The desire to reduce costs clearly contributed to the first wave of cloud computing. To be sure, the cloud has helped companies get a better handle on IT costs. And that’s understandable given that many IT organizations remain stuck in a mindset of proving the business case for IT investment through cost savings.
But as we reach the midpoint of 2015, it’s increasingly clear that the promise of the cloud has more to do with the role it is fated to play in accelerating the enterprise’s rate of innovation.
IT managers describe the cloud as the most important technology initiative they have on their agendas for this year. They also say the cloud is causing fundamental changes in their businesses by helping them to improve service and generate new revenue streams.
“When we get software through the cloud, we get updates, new features, at three to six times the rate we had with traditional software,” Frank Gens, SVP and chief analyst at IDC, said in a recent interview. “We’re not talking about patches or bug fixes; we’re talking about driving new waves of innovation out to the market at a rapid rate. Companies that don’t use the cloud to drive this new value and innovation to the marketplace won’t keep up with the market.”
This shift will drive the next wave of cloud investments. Some 75% of enterprises have already transferred at least one segment of their data, infrastructure or apps to the cloud, a trend that will continue throughout the rest of the year according to Computerworld’s annual Forecast study of IT executives. And with more organizations updating their existing cloud services – or intending to do so over the course of 2015 – there’s also going to be greater recognition of the broader business implications of cloud adoption.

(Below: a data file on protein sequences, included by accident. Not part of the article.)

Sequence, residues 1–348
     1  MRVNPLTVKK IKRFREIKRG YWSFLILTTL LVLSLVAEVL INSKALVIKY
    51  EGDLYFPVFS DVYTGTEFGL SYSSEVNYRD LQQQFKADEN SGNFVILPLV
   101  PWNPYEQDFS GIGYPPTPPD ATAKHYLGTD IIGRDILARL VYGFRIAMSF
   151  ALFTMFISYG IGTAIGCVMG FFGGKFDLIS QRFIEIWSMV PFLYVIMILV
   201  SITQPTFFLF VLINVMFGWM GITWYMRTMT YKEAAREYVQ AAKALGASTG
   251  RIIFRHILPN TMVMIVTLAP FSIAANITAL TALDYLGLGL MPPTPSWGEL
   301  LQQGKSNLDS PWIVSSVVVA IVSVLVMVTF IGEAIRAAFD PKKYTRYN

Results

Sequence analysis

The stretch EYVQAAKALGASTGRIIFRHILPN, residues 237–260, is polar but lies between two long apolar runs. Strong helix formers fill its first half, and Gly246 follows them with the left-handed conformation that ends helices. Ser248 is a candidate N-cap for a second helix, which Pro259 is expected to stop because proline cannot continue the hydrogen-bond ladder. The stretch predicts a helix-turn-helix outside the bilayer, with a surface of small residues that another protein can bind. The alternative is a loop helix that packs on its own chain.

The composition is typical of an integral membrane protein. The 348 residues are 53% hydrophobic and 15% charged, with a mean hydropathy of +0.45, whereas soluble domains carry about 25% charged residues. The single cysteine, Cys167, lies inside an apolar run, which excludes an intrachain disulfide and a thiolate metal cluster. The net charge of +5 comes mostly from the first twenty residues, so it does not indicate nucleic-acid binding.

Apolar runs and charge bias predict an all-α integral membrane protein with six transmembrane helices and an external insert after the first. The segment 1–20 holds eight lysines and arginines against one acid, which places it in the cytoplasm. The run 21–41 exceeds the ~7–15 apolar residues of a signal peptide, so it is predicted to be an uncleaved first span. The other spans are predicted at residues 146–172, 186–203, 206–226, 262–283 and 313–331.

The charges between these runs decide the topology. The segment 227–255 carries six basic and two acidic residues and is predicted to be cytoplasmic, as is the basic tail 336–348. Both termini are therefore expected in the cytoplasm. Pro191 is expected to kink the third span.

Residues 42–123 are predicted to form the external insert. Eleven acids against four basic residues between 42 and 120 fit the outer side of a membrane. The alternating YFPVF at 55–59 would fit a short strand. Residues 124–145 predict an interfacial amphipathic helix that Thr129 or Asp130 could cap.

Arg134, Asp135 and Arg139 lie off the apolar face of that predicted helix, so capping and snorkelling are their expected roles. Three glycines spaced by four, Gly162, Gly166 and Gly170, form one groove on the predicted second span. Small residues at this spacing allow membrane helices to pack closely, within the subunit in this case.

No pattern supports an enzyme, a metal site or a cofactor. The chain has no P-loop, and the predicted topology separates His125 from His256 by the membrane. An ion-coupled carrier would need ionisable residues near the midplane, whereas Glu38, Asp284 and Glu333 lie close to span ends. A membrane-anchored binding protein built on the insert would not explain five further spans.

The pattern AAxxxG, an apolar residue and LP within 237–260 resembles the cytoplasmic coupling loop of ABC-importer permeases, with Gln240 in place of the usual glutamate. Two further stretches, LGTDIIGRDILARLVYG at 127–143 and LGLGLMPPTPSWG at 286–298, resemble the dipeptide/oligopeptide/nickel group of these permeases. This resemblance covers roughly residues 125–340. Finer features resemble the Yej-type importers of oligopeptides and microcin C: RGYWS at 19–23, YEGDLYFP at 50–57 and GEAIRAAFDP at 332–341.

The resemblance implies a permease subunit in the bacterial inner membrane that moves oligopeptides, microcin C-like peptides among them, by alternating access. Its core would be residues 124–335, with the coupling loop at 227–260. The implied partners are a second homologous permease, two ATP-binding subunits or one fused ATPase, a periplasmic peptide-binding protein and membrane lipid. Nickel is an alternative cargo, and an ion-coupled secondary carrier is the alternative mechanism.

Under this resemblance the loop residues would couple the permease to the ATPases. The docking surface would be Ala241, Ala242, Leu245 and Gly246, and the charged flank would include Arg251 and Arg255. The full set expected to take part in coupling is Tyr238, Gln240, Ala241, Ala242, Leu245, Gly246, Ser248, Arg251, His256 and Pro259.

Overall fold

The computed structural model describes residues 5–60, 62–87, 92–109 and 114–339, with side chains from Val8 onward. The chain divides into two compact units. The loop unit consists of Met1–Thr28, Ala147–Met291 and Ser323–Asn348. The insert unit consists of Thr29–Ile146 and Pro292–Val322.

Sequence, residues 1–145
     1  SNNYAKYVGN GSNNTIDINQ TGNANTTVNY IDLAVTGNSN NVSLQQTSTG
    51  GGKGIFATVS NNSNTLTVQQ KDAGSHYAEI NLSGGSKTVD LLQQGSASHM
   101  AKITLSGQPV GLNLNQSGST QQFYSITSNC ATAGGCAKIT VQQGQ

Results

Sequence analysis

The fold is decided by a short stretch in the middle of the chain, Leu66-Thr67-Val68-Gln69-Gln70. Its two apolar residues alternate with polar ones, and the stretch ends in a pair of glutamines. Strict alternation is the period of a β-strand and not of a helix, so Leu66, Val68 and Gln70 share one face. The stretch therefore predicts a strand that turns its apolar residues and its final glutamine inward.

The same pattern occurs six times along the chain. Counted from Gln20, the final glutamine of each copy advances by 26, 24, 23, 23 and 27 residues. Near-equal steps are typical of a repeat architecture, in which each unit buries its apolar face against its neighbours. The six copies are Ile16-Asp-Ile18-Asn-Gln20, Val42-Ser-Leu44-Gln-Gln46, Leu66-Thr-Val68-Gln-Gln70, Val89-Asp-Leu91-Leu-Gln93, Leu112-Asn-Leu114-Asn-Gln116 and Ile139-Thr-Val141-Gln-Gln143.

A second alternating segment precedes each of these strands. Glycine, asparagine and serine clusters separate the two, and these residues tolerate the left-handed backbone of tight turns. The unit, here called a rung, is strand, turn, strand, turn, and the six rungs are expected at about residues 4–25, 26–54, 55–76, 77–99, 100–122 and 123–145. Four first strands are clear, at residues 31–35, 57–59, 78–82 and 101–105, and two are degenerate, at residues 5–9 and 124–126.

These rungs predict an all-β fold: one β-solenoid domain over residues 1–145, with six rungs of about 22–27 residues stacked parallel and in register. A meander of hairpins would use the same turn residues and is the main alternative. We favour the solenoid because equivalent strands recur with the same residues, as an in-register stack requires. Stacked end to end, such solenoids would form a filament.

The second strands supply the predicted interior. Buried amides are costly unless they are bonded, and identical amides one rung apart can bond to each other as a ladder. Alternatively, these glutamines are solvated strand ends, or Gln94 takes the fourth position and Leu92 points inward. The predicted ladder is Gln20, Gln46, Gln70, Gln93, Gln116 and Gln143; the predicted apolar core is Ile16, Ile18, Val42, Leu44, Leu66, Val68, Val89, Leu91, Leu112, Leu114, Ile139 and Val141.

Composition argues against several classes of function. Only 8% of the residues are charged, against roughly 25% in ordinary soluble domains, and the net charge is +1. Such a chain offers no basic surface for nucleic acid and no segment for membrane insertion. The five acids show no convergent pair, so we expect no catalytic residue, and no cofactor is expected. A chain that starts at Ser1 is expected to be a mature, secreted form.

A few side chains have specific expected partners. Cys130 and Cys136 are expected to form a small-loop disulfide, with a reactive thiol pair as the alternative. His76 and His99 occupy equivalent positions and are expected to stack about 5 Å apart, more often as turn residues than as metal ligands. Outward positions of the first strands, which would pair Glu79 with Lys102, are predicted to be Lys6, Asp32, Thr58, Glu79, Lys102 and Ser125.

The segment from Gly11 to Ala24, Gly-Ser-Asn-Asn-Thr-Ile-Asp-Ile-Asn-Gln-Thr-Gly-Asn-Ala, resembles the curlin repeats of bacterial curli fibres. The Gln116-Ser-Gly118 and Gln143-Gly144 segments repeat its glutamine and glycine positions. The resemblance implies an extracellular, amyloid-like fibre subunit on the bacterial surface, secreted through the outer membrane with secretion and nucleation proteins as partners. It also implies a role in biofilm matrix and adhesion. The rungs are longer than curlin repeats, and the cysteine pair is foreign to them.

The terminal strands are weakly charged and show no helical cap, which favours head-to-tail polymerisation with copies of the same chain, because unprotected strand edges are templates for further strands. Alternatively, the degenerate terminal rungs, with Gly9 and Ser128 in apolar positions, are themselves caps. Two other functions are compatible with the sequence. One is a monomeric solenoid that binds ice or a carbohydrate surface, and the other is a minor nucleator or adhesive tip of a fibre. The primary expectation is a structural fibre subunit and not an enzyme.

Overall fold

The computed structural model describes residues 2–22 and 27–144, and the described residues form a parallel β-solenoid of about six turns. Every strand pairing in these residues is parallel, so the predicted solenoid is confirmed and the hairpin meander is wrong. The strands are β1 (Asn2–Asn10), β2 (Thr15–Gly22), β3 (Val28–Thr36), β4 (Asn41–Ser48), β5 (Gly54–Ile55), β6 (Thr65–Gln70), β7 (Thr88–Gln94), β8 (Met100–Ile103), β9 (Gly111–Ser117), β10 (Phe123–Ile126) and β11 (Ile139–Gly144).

“Almost across the board it’s something that organizations are still prioritizing,” says Forrester senior analyst Lauren Nelson. “Companies are realizing that the development side is really what’s unique about cloud. Besides all the cost savings or consolidation efforts they were thinking about before, the true benefit behind the cloud really is in differentiating your business and creating net new workloads that are going to change your customer experience.”
It’s no exaggeration to suggest that the near-term evolution of business will hinge on the ability of the cloud to create new business value for companies. Indeed, Gens says that the cloud has tripled the number of new developers and innovators in IT who “are going to create about a tenfold increase in new killer applications.”
The signposts are clear: As companies retool to compete in an increasingly digitized world, the systems, services and processes they choose as they move deeper into public, private or hybrid cloud deployments will be critical to their overall success.
“Transforming any organization really means taking a fresh look at your own company, your own industry, and re-envisioning all of that,” said Gens. “That fast rate of innovation will go beyond IT to all parts of the business.”